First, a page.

New law will reduce regulatory costs for small companies.
Governor Rick Snyder has signed legislation that NFIB supported into law that will provide much-needed oversight of the Department of Environmental Quality. Public Act 267 of 2018 creates an 11-member board to oversee the rule-making process of the DEQ. The voting members of the panel are to be appointed from many fields including waste management, manufacturing, small business, utilities, environment, oil and gas, conservancy, agricultural organizations, local government, public health, and the public.
Michigan has made great strides in reforming the regulatory burdens on job providers in our state. This new law will continue those efforts by allowing for a more user-friendly appeals process on permits when a dispute can be negotiated toward resolution. The proposed legislation also encourages a more science-based approach to regulation through the establishment of an Environmental Science Advisory Board to advise the Governor and the Department.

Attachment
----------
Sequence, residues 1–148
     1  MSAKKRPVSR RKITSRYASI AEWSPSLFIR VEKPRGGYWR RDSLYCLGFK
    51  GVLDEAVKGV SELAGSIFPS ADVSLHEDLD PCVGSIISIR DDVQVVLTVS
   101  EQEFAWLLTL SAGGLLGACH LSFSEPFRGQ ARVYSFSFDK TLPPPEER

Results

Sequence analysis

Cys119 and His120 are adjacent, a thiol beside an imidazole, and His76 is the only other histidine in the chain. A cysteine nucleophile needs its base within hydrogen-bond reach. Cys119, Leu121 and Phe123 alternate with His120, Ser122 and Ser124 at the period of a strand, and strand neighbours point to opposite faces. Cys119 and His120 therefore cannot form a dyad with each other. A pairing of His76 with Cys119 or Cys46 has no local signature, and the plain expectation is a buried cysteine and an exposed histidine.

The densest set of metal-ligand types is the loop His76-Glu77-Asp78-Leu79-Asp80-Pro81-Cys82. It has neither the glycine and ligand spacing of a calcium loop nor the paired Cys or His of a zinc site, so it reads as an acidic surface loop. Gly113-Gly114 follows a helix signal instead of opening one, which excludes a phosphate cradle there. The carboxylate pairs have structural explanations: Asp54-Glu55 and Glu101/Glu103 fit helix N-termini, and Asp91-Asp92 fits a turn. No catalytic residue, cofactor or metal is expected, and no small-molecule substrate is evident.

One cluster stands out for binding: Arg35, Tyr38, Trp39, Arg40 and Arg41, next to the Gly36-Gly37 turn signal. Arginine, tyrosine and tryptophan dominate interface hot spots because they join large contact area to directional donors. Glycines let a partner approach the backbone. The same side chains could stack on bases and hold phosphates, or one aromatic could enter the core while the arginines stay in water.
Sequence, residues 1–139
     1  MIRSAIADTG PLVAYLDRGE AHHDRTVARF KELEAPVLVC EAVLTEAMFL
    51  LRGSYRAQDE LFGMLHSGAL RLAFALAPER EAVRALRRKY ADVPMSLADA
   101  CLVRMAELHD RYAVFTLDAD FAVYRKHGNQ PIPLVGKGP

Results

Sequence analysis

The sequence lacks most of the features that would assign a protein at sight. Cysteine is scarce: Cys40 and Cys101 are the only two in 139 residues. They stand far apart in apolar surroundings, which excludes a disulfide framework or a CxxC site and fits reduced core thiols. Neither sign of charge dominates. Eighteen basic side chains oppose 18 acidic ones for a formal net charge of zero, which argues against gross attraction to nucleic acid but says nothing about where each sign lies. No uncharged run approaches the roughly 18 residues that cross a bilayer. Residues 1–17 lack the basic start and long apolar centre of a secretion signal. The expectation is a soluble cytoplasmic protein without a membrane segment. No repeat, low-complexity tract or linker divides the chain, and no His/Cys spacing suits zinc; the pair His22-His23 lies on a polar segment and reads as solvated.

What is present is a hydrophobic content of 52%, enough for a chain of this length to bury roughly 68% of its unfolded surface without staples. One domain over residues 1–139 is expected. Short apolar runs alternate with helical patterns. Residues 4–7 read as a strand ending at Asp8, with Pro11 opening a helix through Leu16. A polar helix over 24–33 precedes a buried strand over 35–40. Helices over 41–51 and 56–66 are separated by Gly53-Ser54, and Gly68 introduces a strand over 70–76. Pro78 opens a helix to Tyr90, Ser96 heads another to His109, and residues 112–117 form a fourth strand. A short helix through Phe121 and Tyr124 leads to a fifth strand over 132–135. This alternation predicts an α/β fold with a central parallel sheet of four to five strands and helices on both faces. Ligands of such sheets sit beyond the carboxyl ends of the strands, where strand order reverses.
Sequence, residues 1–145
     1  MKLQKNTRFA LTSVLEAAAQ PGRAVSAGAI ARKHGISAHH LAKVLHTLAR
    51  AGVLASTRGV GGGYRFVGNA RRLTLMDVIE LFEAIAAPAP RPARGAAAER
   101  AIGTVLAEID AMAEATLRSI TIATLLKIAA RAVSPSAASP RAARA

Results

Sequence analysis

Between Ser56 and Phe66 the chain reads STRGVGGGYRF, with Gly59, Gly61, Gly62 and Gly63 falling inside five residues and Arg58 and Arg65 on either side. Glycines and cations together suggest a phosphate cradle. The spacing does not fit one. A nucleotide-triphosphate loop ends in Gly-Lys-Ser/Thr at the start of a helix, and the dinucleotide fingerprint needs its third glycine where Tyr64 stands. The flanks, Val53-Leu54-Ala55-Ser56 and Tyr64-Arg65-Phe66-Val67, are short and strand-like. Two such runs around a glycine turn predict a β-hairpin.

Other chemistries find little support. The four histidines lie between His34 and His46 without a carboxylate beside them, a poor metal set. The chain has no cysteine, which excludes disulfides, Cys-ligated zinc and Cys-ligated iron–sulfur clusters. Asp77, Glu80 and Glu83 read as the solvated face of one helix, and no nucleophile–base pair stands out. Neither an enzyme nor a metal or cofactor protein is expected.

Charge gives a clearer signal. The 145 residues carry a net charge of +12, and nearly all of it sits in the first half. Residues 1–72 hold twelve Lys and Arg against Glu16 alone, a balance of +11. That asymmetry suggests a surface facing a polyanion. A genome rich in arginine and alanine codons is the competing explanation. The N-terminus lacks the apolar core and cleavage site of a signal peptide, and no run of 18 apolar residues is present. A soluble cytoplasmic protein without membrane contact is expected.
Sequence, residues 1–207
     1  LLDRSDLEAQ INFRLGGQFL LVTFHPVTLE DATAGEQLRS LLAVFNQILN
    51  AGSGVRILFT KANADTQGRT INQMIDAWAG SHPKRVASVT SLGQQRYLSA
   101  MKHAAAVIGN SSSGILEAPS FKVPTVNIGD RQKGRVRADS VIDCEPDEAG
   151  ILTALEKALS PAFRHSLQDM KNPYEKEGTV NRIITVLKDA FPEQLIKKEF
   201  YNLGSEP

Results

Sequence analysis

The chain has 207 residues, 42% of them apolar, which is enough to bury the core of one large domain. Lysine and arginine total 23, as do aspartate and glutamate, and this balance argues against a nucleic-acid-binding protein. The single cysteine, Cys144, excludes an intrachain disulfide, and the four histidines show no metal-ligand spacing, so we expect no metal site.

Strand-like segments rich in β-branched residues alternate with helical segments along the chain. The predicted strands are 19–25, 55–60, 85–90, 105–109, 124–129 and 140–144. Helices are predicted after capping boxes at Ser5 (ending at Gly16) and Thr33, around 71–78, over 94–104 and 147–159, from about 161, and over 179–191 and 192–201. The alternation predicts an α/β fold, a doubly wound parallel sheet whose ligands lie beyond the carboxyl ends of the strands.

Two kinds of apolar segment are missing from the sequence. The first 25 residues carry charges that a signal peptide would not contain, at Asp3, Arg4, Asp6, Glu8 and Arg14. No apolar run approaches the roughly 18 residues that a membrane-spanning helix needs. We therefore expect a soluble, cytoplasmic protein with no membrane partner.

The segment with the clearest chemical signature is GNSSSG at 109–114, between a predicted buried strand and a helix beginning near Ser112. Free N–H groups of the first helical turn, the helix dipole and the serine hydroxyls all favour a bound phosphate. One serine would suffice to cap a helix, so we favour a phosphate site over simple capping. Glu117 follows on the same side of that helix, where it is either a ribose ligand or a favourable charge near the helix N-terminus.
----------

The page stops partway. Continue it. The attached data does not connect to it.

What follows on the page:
Rules and regulations have a disproportionate impact on smaller companies. Research has shown that this cost difference can be as much as 36-percent higher for small firms when compared with their larger counterparts. Federal regulations alone on small businesses employing fewer than 50 people averaged $11,724 per employee in 2012 – up from $10,585 in 2010, according to the latest data. This amount is even higher for manufacturing businesses.
These bills lower the cost of regulation on small business at the state level through oversight of the regulatory process, making Michigan a better state to start, grow or move a business.